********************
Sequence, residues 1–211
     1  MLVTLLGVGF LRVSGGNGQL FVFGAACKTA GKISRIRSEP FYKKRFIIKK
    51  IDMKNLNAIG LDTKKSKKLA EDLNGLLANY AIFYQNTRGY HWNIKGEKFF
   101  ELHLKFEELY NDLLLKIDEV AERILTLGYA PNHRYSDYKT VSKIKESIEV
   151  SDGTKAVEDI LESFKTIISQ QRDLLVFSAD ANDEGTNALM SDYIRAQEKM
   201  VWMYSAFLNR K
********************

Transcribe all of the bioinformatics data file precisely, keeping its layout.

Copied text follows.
Sequence, residues 1–211
     1  MLVTLLGVGF LRVSGGNGQL FVFGAACKTA GKISRIRSEP FYKKRFIIKK
    51  IDMKNLNAIG LDTKKSKKLA EDLNGLLANY AIFYQNTRGY HWNIKGEKFF
   101  ELHLKFEELY NDLLLKIDEV AERILTLGYA PNHRYSDYKT VSKIKESIEV
   151  SDGTKAVEDI LESFKTIISQ QRDLLVFSAD ANDEGTNALM SDYIRAQEKM
   201  VWMYSAFLNR K